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Abstemius's Fables (Sir Roger L'Estrange)

283. (Abstemius 31) A Widow had a Mind to Marry.

Well! says a Widow in Confidence to a Friend of hers, I am utterly undone for want of a Sober, Provident Husband, to look after my Estate; and there's no Body's Advice that I had rather have than Yours. But pray, will you take This along with You too; that for the Coarse, Common Bus'ness of Matrimony, as I am an Honest Woman, the very Thoughts on't turns my Stomach; Very well, says the Confident, and now I know your Mind, it shall go hard but I'll fit ye. The good Woman went her way for the present, and the next Day came to her again, quite overjoy'd that she had found out a Man (says she) of Industry and Integrity; and one that perfectly understands all sorts of Bus'ness; and then for Turning your Stomach, my Life for yours, Madam, he's not in a Condition to give you any Qualms that way. Away, he Fool, says she, I hate the Infirmity, though I love the Virtue.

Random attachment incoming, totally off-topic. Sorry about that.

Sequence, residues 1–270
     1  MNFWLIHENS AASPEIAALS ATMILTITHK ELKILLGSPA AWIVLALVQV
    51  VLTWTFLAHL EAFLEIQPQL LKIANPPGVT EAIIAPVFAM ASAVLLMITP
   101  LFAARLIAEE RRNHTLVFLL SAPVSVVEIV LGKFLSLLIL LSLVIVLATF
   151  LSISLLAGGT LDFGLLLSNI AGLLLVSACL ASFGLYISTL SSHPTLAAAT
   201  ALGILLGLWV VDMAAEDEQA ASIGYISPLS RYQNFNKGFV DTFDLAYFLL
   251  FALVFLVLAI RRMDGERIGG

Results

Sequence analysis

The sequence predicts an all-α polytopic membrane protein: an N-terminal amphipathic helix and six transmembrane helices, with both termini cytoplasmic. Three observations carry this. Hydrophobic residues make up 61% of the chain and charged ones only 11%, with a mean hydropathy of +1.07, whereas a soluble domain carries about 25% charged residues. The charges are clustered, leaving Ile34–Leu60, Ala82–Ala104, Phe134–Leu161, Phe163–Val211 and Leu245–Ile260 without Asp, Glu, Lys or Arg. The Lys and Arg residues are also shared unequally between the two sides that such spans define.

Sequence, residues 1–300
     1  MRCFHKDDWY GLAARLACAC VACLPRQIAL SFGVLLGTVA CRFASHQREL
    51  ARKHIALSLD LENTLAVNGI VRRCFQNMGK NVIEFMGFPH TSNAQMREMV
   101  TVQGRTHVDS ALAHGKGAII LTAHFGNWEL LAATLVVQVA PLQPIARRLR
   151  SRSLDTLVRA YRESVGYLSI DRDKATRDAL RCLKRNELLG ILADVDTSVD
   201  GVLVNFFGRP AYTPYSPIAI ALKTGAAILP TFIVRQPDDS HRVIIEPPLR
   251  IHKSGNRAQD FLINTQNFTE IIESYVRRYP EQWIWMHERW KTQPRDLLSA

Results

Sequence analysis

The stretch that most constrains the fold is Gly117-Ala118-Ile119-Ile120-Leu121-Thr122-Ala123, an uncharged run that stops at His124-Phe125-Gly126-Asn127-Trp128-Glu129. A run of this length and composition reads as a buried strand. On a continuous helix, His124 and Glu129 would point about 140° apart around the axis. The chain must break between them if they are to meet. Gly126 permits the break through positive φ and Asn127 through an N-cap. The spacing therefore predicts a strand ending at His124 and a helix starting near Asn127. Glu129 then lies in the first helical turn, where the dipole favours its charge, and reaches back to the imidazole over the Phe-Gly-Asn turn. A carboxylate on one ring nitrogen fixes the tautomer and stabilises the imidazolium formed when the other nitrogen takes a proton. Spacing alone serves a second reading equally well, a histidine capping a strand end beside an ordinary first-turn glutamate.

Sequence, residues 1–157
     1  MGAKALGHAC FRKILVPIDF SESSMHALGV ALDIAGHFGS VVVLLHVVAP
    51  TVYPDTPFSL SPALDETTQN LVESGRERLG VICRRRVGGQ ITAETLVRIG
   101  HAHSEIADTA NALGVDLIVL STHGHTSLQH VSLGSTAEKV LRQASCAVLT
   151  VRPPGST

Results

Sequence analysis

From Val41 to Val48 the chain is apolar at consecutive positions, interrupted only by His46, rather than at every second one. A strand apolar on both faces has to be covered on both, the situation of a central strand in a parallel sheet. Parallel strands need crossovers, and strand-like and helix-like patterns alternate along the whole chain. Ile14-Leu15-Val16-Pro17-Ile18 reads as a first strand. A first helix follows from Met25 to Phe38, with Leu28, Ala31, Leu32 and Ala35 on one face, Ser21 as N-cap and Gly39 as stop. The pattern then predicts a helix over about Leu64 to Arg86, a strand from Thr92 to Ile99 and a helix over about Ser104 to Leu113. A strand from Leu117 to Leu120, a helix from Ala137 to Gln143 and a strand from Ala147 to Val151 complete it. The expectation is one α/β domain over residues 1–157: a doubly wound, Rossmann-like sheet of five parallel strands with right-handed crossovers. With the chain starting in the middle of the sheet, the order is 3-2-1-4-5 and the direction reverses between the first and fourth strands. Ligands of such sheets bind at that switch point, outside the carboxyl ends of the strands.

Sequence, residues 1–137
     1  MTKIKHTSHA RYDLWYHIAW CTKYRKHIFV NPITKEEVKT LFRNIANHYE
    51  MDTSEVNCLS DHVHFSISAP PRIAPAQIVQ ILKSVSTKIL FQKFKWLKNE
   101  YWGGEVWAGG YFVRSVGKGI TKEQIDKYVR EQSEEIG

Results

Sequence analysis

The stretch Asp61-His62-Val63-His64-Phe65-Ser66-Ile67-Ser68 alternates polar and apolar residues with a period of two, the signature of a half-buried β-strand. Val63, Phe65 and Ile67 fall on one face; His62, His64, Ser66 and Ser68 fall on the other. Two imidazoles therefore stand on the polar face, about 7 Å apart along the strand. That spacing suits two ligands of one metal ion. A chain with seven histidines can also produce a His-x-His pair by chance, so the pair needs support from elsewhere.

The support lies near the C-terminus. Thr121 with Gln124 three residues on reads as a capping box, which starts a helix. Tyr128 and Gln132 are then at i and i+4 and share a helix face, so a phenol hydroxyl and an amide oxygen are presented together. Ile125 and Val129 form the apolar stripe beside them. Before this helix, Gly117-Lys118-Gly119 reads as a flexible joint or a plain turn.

Women are all of a Make, and in some Things most of them in a Mind. One Woman feels another Woman's Pulse in her own Veins; and there's no halting before Cripples.


Fables of Aesop and Other Eminent Mythologists: Abstemius's Fables by Sir Roger L'Estrange. Available online at Google Books.